You need to generate the independent variable(s) to use in the model. For example, you can use a con statement to make the road class, in the NLCD, into a binary variable [0,1]. You can then use the Euclidean distance tool to create a distance to roads raster. Given your starting point, it may be prudent for you to seek help from somebody more experienced in this type of modeling.
I will say that, whereas the linked document spells out a clear methodology, these type of landuse change models are normally solved in a Monte Carlo framework. It is important to use a simulation approach to avoid spurious probability estimates and understand the error structure (uncertainty) of your resulting model. You also should apply an autocovariance term in the model due to the, very likely, presence of autocorrelation in the dependent variable. Use of an autoregressive model makes it absolutely essential that the model be solved via a Monte Carlo or Markov Chain Monte Carlo (MCMC). In this case, I would aim you towards a Hierarchical Bayesian model. The class-level transitional probabilities are an important output and not available in a binomial logistic modeling framework without using a simulation approach to get at the full distribution of the simulated probabilities.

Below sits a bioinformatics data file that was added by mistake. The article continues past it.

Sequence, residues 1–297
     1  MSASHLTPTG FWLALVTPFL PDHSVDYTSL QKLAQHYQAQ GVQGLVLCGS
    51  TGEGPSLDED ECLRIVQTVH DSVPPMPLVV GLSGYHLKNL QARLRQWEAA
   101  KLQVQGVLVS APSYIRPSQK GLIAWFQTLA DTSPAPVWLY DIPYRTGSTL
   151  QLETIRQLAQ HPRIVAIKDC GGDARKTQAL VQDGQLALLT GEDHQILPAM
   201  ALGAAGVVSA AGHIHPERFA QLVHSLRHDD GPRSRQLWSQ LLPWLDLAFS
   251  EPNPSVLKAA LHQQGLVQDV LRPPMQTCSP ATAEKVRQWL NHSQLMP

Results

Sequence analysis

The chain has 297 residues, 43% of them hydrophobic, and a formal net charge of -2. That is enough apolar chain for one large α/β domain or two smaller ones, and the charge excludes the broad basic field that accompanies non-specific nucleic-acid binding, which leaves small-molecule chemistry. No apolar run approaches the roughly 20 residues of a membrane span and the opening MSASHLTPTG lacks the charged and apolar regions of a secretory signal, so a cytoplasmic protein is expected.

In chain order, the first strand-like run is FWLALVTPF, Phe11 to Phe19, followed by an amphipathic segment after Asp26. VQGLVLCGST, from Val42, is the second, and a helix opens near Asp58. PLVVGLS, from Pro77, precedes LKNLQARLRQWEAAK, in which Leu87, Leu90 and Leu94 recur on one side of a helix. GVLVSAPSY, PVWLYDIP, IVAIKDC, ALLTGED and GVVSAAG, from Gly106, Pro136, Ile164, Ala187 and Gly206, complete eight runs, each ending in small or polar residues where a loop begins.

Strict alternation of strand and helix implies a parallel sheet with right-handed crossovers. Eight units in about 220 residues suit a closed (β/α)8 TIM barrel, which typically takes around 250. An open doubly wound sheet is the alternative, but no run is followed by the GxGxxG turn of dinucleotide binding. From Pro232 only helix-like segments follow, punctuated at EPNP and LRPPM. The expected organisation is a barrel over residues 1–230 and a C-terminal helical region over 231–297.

Also, keep in mind that the neighborhood size used to generate some of the covariates can have a profound impact on model performance. Commonly, a sensitivity test is conducted to select the correct scale for a given covariate. However, the use of AICc in multiscale parameter selection is dubious at best due to nested variance between the scales of a parameter. You really need to put some thought, based on your system, what parameters will effect the outcome and at what scales. Modelling should not be conducted via a cookbook! The parameters defined in the document guiding your modeling may be completely irrelevant for your system and result in a model specification issue.
Just so you do not reinvent the wheel, making it square, the R packages lulcc and SIMLANDerR are specifically designed for landuse change modeling, implementing much more robust methods than a binomial logistic regression.